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Sandy Martin: My week in Westminster

The main role of your Member of Parliament is to vote on Bills and motions in the House of Commons, and I have of course been doing that, writes Ipswich Labour MP, Sandy Martin.

On Wednesday night we voted twice to try to strengthen the protections for the environment and for workers’ rights when we leave the EU.  We got the Government majority down to 12, but although several Conservatives knew that we were right, and said so openly in the House, almost all of them sheepishly trooped through the Government lobby when it came to the vote.

My other main role is to work with individual residents and with groups in Ipswich in order to represent your interests and achieve the best results for our Town. 

 

Last week, in addition to my parliamentary duties in Westminster, I visited Hawthorn Drive Surgery, 2 secondary schools, met representatives of the nurses and of 38 Degrees and disabled rights campaigners, spoke at the Suffolk Chamber of Commerce, attended an Ipswich Task Force meeting with the County and Borough councils and business leaders, and the Suffolk & Essex Rail Conference, and of course the Festival of Remembrance on Saturday 11th and the Remembrance Sunday Service at the Ipswich Cenotaph. 

But in addition to these 2 main roles, I also meet up with a lot of groups to discuss their campaigns and what we can do to improve people’s lives.  On Wednesday I met the Programme Manager from the Living Wage Foundation to discuss wages in Ipswich.  We all want to see as many people as possible earning their own way in the world.  In Ipswich there are just 1,445 people unemployed and claiming benefits – that’s 2.5% of the working-age population.  But that’s just the tip of the iceberg for the overall number of people getting benefits, because so many people are on wages that are lower than the amount they need. 1 in 5 working people are not paid enough to live on, and the rest of us are subsidising their employers through the benefits system.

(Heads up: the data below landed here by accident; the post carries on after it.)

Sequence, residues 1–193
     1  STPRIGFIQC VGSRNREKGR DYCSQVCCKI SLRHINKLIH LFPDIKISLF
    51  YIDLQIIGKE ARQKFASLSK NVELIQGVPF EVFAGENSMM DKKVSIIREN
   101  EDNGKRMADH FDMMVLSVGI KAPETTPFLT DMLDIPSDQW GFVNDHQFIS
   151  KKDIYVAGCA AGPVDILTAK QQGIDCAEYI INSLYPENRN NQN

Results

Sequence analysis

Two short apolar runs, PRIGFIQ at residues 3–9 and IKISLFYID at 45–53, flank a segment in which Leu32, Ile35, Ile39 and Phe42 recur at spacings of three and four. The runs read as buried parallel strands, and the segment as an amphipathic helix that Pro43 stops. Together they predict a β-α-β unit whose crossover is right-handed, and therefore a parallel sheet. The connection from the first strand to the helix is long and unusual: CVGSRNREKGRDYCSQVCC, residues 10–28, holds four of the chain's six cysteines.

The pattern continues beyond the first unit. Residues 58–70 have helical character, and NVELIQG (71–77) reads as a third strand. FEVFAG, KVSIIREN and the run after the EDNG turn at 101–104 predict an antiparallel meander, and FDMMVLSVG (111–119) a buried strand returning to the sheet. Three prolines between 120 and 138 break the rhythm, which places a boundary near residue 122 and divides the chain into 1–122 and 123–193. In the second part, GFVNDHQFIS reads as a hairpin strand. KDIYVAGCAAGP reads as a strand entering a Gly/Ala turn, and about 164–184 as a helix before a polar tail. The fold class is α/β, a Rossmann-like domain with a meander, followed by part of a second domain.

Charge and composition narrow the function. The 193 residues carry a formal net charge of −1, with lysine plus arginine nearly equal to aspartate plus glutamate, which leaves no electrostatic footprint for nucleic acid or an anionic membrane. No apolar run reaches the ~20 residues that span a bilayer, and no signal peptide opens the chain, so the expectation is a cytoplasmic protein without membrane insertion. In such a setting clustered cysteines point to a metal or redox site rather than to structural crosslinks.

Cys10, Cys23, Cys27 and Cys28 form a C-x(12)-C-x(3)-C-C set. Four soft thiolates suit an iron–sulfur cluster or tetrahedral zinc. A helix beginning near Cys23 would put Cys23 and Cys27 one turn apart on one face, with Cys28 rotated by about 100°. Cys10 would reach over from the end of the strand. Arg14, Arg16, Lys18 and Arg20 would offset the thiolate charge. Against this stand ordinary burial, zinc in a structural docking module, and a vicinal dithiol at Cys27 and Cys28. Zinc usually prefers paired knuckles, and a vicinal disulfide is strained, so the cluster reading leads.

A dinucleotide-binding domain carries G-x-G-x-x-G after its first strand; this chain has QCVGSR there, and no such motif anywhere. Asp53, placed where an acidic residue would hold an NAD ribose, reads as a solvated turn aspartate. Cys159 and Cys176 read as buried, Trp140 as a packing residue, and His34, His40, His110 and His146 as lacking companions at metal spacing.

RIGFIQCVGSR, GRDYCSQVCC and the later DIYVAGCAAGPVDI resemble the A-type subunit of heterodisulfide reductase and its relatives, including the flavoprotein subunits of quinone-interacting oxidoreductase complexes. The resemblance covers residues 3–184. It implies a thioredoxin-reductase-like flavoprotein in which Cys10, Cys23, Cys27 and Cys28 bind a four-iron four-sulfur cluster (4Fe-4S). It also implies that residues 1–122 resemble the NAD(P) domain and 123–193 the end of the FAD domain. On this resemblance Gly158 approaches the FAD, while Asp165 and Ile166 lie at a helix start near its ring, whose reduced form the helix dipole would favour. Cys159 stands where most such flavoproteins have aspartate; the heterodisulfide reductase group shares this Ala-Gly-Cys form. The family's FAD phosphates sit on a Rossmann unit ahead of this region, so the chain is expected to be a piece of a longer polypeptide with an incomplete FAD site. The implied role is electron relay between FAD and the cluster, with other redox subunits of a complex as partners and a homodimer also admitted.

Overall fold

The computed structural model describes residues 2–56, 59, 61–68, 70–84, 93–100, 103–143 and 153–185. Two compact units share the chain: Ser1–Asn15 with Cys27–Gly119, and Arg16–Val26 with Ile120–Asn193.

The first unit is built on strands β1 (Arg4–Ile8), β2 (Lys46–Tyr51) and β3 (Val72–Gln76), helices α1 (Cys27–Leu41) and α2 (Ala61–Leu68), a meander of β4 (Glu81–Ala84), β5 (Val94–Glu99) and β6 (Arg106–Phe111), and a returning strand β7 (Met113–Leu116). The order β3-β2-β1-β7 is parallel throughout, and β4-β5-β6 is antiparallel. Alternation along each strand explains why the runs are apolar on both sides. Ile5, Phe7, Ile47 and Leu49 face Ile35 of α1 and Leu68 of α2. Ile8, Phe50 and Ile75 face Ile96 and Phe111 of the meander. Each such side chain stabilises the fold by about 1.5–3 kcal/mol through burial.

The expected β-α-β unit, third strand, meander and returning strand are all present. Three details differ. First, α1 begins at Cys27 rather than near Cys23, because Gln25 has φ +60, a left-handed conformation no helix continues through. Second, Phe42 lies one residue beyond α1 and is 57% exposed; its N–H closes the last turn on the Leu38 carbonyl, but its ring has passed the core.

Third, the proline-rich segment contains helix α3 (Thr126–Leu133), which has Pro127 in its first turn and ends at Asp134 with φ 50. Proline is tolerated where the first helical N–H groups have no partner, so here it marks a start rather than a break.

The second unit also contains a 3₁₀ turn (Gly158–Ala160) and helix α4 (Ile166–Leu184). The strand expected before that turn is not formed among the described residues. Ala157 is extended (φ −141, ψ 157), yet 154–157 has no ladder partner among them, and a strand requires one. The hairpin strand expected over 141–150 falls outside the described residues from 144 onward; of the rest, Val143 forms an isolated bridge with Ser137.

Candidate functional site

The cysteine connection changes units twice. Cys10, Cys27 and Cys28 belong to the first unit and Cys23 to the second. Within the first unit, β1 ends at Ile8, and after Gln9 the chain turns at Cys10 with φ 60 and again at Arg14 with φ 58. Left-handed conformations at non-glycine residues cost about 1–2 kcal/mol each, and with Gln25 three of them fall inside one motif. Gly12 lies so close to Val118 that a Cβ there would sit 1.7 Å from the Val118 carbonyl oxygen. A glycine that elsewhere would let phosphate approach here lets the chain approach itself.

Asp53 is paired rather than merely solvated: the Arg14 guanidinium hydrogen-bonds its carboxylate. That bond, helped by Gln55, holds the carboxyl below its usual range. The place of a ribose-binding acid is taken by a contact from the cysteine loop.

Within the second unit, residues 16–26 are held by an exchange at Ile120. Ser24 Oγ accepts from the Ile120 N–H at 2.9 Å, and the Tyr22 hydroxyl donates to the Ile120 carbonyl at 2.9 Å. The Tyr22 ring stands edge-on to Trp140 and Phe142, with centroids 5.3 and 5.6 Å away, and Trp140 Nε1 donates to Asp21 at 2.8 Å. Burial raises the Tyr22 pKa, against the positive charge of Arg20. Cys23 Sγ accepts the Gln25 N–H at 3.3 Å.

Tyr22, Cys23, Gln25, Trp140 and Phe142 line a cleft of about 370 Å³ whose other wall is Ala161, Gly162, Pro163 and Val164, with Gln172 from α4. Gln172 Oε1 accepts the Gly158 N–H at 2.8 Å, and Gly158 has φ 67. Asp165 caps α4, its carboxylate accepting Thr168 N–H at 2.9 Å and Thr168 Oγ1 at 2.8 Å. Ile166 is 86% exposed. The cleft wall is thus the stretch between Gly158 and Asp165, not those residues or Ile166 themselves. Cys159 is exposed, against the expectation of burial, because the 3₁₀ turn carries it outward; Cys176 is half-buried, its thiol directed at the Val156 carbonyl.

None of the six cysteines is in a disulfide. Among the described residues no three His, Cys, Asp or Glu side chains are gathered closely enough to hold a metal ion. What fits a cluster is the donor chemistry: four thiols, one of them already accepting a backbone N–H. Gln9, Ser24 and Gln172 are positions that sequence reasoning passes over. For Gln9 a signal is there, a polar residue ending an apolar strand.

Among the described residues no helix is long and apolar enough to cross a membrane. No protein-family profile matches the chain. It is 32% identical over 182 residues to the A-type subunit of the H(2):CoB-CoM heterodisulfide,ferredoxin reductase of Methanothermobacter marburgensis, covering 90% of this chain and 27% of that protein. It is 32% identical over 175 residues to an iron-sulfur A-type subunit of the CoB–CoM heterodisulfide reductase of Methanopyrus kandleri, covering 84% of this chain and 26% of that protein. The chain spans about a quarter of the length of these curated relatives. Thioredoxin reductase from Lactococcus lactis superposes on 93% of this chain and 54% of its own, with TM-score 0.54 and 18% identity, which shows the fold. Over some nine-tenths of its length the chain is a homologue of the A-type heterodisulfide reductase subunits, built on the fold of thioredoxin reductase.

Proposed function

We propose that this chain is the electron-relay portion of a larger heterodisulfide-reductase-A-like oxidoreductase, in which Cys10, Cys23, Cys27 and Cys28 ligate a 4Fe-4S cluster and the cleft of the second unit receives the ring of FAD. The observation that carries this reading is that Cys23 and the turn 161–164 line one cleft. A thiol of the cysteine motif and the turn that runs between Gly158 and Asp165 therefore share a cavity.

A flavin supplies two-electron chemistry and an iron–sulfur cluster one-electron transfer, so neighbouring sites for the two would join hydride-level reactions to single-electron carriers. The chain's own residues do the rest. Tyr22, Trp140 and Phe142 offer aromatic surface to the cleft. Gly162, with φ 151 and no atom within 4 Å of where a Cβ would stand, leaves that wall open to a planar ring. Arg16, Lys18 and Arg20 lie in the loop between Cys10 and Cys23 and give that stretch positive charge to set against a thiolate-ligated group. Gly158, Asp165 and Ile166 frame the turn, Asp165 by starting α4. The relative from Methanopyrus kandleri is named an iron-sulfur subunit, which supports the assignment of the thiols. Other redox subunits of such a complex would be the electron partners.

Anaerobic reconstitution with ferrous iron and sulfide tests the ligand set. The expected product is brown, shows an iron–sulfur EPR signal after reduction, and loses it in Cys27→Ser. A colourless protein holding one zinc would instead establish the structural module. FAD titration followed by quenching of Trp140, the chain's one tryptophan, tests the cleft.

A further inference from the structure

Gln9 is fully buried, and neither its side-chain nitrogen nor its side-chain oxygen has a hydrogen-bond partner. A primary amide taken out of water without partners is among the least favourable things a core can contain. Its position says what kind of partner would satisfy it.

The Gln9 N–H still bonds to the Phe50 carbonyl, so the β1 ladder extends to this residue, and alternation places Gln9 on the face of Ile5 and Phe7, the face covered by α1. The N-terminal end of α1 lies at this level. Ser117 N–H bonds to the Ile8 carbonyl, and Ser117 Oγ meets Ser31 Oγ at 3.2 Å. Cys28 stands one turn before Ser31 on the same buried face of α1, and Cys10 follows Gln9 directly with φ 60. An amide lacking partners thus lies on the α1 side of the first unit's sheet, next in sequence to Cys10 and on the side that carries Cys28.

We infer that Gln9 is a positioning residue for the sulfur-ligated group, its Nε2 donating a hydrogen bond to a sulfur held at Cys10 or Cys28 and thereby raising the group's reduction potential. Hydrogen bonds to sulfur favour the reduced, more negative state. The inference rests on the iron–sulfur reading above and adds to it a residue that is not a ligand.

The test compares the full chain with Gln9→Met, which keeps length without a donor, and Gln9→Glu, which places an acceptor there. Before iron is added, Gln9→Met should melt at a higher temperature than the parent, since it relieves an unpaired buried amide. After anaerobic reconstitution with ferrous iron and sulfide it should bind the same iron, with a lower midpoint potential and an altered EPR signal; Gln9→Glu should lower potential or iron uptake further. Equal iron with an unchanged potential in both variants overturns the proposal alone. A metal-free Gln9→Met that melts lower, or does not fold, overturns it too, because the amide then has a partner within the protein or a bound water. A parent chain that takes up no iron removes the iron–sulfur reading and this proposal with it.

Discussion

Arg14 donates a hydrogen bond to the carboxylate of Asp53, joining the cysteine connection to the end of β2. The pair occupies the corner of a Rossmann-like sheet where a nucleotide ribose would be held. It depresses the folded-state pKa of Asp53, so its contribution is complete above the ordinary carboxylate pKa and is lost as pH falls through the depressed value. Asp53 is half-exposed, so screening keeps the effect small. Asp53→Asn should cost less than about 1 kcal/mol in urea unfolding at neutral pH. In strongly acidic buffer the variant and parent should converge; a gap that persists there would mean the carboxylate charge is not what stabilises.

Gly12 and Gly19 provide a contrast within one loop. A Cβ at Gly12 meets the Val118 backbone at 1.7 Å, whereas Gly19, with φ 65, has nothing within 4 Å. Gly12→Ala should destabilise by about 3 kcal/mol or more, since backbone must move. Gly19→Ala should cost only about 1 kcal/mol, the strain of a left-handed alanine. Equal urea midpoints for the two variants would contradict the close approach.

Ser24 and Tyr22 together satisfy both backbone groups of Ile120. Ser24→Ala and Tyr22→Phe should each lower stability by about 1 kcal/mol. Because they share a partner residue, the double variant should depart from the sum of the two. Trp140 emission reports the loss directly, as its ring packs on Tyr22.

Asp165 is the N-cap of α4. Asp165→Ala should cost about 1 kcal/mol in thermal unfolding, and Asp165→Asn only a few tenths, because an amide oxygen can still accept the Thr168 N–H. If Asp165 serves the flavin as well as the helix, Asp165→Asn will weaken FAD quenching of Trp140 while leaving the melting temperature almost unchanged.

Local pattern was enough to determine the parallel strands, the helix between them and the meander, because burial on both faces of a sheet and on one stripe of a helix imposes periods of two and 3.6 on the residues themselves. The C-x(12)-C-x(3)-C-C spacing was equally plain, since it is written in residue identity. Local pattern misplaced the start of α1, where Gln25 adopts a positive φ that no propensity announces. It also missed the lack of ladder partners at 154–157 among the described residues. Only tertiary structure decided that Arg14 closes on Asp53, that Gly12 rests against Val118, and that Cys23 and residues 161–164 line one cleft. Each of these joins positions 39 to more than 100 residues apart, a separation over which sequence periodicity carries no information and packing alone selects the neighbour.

Wages improved enormously when Labour introduced the Minimum Wage back in 1999, in the teeth of Conservative opposition. In April 2016 the Conservative government changed its name to “The National Living Wage”. But the government's 'national living wage' is not based on what employees and their families need to live. Real Living Wage rates are higher because they are independently-calculated based on what people need to get by. For individual working people in Ipswich the new Real Living Wage rate for next year, announced last week, is £8.75 per hour, whereas the minimum wage is £7.50 per hour, and just £7.05 if you are under 25. 

The Living Wage Foundation encourages all employers to ensure their employees earn a wage that meets the costs of living, not just the government minimum. Over 3,500 UK businesses believe their staff deserve a fair day's pay for a hard day's work, and pay the real Living Wage. Over 150,000 employees have received a pay rise as a result of the Living Wage campaign. And that saves taxpayers’ money that would otherwise be subsidising their wage rates through benefits.

Employers gaining accreditation with the Foundation include Aviva, ITV, IKEA, and Heathrow Airport.  Picking out 4 in Ipswich, we have Anglian Water, Christian Youth Ministries, Ipswich Borough Council, and Lattice Lodge Guest House.  So we can see that big businesses, small businesses, public bodies and charities can all become Living Wage employers.  They know that their staff are being properly recognised for their work.  Almost all employers who start paying the Living Wage see their productivity improve. Properly paid staff have a better relationship with their managers, feel more like a part of the team, and produce better work.  And because they are properly paid they usually don’t have to rely on benefits either. 

Being paid a Living Wage can mean being able to save a little at the end of the month, or not having to worry about how to pay for the children’s birthday celebrations. It means not having to skip meals in order to afford clothes. It means more time spent with families, not having to work as much overtime to make ends meet. It means dignity and a sense of self-worth.

Over the coming years I will be championing the Living Wage in Ipswich.  I believe that all employers – big and small – can benefit in the long term from committing to become Living Wage employers.  And I know that the whole economy of Ipswich will benefit too.

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